Additional tools for specific research areas:

  • AHRC’s Partnership working in the Arts and Humanities guide [pdf needs upload on server]
  • EPSRC’s translation toolkit [pdf needs uploading on server]
1.3.5 Research co-design and co-production

Co-designing research

Co-design in research involves participatory approaches to designing research proposals and the research process itself. This goes beyond consultation to reach equal collaboration between groups or communities affected by or attempting to resolve a particular challenge.

A key tenet of co-design is that users, as ‘experts’ of their own experience, become central to the design process. Co-design intentionally involves users and their input to inform or design solutions.

Co-producing research

Co-production involves including people who are not researchers but who have a stake in the project, in a shared learning process. This can enhance the quality of your research and help it to bring about positive change.

Co-production can include working with participants in a project, patients, carers, service users as well as people from wider society, such as policymakers, community groups, third-sector organisations and businesses.

Co-production can take place throughout a project. It may encompass identifying research questions, design and priority setting, governance, co-delivery of research activities, communication of key findings and involvement in knowledge exchange.

Read the UKRI’s co-production in research pages for more valuable insights.

1.3.6 Being aware of accountability, power and culture 

Co-production may raise ethical considerations since it can blur the lines between researcher and participant(s) or other stakeholders. All partners should consider such issues in advance and establish clear lines of responsibility and accountability.

Organisational culture and differences

It is a good idea for each partner to discuss their motivations and expectations around the project. Consider how you intend to manage any tensions between competing accountabilities at the outset.

Partners in co-production may come from a wide variety of research organisations, industries, charities, think tanks, policymaking bodies, participant groups and sections of the general public, and from a wide range of countries.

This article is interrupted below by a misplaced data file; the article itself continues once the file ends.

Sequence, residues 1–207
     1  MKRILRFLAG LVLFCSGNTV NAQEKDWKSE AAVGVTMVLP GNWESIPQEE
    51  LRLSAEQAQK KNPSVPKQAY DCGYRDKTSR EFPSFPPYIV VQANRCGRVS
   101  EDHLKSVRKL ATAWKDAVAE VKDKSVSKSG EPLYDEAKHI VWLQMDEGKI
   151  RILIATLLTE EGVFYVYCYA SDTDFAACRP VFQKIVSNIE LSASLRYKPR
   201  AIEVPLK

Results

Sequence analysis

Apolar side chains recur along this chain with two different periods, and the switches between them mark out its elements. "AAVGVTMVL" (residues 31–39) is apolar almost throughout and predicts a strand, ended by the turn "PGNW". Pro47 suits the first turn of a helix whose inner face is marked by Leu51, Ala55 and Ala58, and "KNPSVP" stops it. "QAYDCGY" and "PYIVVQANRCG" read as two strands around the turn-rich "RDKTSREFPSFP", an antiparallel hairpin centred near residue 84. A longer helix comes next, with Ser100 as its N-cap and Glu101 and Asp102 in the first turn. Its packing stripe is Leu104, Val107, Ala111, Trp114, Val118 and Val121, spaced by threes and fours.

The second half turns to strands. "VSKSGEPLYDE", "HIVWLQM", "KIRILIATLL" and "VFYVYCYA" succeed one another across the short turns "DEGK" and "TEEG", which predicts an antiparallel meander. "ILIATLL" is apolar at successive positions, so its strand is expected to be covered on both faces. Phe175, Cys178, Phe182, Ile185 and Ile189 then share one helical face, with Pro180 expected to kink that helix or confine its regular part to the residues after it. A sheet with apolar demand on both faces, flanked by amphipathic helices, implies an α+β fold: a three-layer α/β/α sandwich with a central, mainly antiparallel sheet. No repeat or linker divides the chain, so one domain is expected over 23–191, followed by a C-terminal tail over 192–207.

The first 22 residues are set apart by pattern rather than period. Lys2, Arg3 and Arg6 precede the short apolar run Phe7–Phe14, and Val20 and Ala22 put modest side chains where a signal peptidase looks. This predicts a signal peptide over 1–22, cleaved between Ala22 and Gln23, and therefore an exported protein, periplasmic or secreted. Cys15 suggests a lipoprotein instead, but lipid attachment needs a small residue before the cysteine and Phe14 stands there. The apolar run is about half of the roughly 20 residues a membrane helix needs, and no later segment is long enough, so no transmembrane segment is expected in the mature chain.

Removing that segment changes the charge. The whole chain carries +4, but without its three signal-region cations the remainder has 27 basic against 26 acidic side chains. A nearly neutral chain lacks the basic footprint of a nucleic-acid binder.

Partners may have their own perspectives regarding ethical issues around joint research. Any differences may be due to organisational culture, training, access to research resources and participant populations. Be aware and thoughtful.

It is worth seeking to understand partners’ and public attitudes towards the project and any perceptions about conflicts of interest.

Ongoing monitoring

Partners should agree, plan and implement a process of ethical reflection and monitoring while the research is taking place. Share the responsibility to do this. It will ensure any ethical issues are promptly reported to all organisations involved and appropriate advice is sought from a research ethics committee.

It can be helpful to include activities that encourage reflection and negotiation at key points. Learning events with research and innovation partners can be useful.

Equitable partnerships

Researchers and innovators should be sensitive to actual or perceived differences in income, status or power. They should follow principles of equitable partnerships to address inherent power imbalances when working with partners, particularly public and community partners where imbalances may be more prominent.

Partnerships must be transparent and based on mutual respect. They should hold a clearly articulated understanding of the equitable distribution of resources, responsibilities, efforts and benefits. Partnerships should recognise different inputs, interests and desired outcomes and ensure the ethical sharing and use of data.

Ethics review

Partners should agree a streamlined ethics review process. For example, they may choose to use the research ethics committee of the organisation where the principal investigator is based.

Depending on the type of research, the ethics review should, as a minimum, satisfy the requirements of either of the frameworks below:

Where research is to be conducted outside the UK or involves international partners, researchers must establish whether an ethics review is required by non-UK ethics committees.

Visit the University’s Research Governance resource page for advice on confidentiality, data protection or ethics.

1.3.7 Consultancy and knowledge exchange

Knowledge exchange (KE) is the “enabling of two-way exchange between researchers and research users to exchange ideas, research evidence, experiences and skills” (ESRC). KE activities include collaborative or contract research, consultancy services, Knowledge Transfer Partnerships (KTPs), training, commercialisation of research through start up and spin-out companies.

The University’s Research and Innovation department can support you with specialist advice around knowledge exchange, business development, consultancy, intellectual property opportunities, finance, policy and strategy.


Examples of successful collaborations and approaches to engagement:

  • School of Law: Collaborating with international partners to protect and manage marine genetic resources: Protecting marine biodiversity by understanding intellectual property rights
  • School of Psychology: Undertaking KE with farmers to improve safety in the farming industry: Sowing the seeds of safety with non-technical skills